Country-specific travel advice
Select the country you will be travelling in to see motoring information and advice, including any accessories you may need to purchase. Don't forget the RAC provides European breakdown cover while you're driving in Europe.
Driving in Macedonia
If you're driving in Macedonia your checklist requirements are:
- A valid, full UK driving licence
- A GB sticker on the back of your car - even if your car has 'Euro-plates' (number-plates that show a circle of 12 stars on a blue background)
- Your motor insurance certificate
- Headlamp converters (stickers you put on your headlights when you're driving on the right, so your lights don't dazzle motorists coming the other way)
- A warning triangle inside the car in case you break down
- A first aid kit
- Winter tyres or snow chains, if you're travelling between 15 November - 15 March
You must also:
- Be 18 or over
- Make sure everyone in the car wears a seatbelt at all times
- Wear a crash helmet if you're riding a motorcycle
- Drive with your headlights on in the daytime (it is recommended that you carry a spare set of bulbs)
It's a good idea to have:
- A fire extinguisher
- A reflective jacket (car drivers stepping out of thier vehicle at night or in case of bad visibility must wear one)
Other things you should know:
- You might have to pay motorway tolls, depending where you travel within Macedonia - these are usually payable in cash so take plenty of change
- It's illegal to carry any radar detection equipment, whether or not it's switched on
- If you have a GPS navigation system that shows you where any fixed speed cameras are, you must deactivate this function
- Leaded and unleaded petrol, diesel and LPG are readily available
- Children under age 12 can't travel in the front seat
- Speed limits vary across Macedonia, so check the signposts for maximum speeds
- If you're caught committing a driving offence whilst driving through Macedonia, you'll be given an on-the-spot fine
- The drink-driving limit is 50mg of alcohol per 100ml of blood. 0mg is permitted for professional drivers and novice drivers (less than 2 years experience).
- Anyone under the influence of alcohol can't sit in the front seat, even as a passenger
- You must use dipped headlights at all times
- In built-up areas you should only use your horn in an emergency
- Outside built-up areas, use your horn to let the car in front know you intend to overtake
- If there's no yellow diamond sign, you must give way to any cars coming from the right
- If you're taking your own car to Macedonia and the body is damaged, it's wise to get a police report confirming the damage when you enter the country - otherwise, police will query this with you when you leave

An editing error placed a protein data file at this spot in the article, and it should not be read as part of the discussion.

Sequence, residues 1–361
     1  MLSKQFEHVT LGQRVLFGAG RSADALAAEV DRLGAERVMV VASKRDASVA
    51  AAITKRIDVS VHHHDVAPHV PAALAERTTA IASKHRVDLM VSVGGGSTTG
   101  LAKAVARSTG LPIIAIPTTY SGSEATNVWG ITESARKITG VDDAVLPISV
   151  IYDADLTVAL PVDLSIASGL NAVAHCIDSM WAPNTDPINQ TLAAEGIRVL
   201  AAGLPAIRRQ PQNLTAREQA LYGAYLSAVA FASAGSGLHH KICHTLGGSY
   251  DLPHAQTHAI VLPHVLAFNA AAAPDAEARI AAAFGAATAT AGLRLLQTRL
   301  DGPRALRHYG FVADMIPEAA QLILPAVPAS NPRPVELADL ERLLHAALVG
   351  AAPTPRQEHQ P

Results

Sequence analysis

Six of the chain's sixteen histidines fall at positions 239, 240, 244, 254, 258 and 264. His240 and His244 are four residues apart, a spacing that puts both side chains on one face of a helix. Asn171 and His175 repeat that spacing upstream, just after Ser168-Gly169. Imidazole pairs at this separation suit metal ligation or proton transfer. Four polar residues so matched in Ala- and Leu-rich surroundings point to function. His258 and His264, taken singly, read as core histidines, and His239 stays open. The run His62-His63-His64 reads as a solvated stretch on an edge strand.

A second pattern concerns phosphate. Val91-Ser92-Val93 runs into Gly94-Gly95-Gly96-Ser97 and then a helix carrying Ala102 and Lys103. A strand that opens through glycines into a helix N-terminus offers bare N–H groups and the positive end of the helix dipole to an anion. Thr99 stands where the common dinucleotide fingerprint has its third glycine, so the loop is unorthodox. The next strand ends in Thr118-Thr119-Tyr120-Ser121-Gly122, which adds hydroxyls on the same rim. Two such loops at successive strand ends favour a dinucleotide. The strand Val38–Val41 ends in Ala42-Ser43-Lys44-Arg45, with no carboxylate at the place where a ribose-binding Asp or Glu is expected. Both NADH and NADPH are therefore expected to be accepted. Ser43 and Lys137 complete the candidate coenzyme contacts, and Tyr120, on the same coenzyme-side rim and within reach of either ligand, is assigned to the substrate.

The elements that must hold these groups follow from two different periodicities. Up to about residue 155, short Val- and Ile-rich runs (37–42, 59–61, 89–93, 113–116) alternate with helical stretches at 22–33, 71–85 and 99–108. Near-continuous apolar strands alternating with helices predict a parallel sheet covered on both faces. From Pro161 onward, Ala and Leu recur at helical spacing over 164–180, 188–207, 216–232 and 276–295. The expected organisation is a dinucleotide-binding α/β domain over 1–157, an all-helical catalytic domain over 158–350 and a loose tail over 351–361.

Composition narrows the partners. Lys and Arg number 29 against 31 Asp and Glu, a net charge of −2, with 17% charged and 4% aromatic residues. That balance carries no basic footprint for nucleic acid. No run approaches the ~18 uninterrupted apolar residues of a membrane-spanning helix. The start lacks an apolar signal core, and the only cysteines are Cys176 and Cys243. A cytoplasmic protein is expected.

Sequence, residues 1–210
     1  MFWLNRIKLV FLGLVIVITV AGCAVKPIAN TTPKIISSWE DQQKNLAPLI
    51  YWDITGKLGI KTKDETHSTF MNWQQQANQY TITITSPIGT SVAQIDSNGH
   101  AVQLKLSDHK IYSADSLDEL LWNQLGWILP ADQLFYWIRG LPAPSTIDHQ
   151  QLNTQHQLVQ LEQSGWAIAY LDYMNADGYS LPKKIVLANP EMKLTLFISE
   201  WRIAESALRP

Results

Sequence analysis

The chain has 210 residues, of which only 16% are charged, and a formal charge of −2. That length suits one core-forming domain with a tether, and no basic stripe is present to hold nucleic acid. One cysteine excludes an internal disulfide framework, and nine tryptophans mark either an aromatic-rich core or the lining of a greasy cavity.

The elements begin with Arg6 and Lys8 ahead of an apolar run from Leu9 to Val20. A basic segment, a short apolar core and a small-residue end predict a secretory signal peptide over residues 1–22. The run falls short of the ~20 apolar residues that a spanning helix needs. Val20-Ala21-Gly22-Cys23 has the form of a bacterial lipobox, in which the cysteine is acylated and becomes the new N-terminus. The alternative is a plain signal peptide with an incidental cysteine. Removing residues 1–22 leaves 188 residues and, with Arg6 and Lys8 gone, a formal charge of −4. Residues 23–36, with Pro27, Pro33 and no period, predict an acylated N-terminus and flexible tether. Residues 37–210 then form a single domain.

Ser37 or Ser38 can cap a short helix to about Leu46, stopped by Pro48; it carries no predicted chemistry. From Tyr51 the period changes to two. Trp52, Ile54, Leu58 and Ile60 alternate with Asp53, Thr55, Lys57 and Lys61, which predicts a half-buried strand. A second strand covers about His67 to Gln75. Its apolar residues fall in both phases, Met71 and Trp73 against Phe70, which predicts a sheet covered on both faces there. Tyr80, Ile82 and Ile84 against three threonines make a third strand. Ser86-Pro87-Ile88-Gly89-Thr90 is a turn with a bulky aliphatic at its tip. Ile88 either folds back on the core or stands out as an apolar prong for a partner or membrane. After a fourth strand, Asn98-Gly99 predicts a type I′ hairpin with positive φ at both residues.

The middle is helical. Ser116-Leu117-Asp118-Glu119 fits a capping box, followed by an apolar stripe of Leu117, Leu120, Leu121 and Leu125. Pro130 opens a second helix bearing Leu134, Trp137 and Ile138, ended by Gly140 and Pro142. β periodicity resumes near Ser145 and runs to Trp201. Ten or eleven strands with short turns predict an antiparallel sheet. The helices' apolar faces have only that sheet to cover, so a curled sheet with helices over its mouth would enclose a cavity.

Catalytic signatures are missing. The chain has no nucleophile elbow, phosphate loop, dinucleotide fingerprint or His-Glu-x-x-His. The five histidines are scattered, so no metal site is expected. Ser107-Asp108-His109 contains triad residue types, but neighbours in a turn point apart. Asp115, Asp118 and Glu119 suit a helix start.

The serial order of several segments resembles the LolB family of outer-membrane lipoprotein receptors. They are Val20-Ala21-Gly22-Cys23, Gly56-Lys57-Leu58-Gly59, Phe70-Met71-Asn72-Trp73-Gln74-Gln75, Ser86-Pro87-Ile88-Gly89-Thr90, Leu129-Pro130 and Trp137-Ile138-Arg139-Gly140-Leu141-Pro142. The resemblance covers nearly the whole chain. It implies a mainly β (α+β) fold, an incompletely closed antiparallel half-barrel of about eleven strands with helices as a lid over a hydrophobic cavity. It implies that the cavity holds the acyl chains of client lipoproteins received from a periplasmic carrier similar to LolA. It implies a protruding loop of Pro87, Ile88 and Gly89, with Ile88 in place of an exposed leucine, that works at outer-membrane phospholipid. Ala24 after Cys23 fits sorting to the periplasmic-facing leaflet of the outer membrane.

- If you have an accident while in Macedonia and your car is damaged, make sure you get a certificate giving details of the damage. You'll need this to take the car out of the country again
Useful guides and maps
Michelin Motoring Atlas: Europe
Download a copy of our full Driving Abroad report.
What RAC can do for you
RAC offers great-value, flexible RAC European breakdown cover tailored to meet your needs. We also offer comprehensive travel insurance, including cover for medical expenses, baggage, personal money and belongings.
Sources Foreign & Commonwealth Office, www.nationaldrivesafe.co.uk.
Disclaimer: RAC are not responsible for the content of external websites. The information provided is correct as of May 2016 to the best of our knowledge and should be referred to for information purposes only - it should not be relied upon as formal advice. Please always check the current requirements of the country you are visiting before you leave.
- Still current at:
- 29th Sep 2016
- Updated at:
- 15th Sep 2016
- Latest update:
- Latest update: Summary – Skopje and the surrounding region experienced a number of moderate earthquakes and after-shocks between 11 to 14 September; there was limited damage to buildings; you should familiarise yourself with steps to take in the event of further seismic shocks
Skopje and the surrounding region experienced a number of moderate earthquakes and after-shocks from 11 to 14 September 2016. There was limited damage to buildings and some people were injured while trying to flee buildings.You should familiarise yourself with steps to take in the event of further seismic shocks.
The flooding that occurred on 6 and 7 August 2016 in Skopje and neighbouring areas has resulted in over 20 deaths. There’s a higher risk of landslides in hilly areas in northern parts Macedonia. You should travel with care.
There have been protests in central Skopje and elsewhere related to the ongoing political crisis. Whilst there aren’t any planned at the moment, they may occur at short notice. Check local media and avoid any demonstrations or large gatherings.
Macedonian authorities have declared the south and north border areas near Gevgelija and Kumanovo as crisis zones due to the pressures these areas faced over the past 12 with migrants/refugees. Avoid large groups and be aware that trains entering Macedonia from Greece may be cancelled or delayed if there is trouble at the Greek/Macedonia border.
Most visits to Macedonia are trouble-free. Occasional acts of criminal violence occur, although foreigners are not generally targeted.
There is a general threat from terrorism. See Terrorism
Mosquito-borne diseases, including West Nile virus are present. See Health
Take out comprehensive travel and medical insurance before you travel.
The Overseas Business Risk service offers information and advice for British companies operating overseas on how to manage political, economic, and business security-related risks.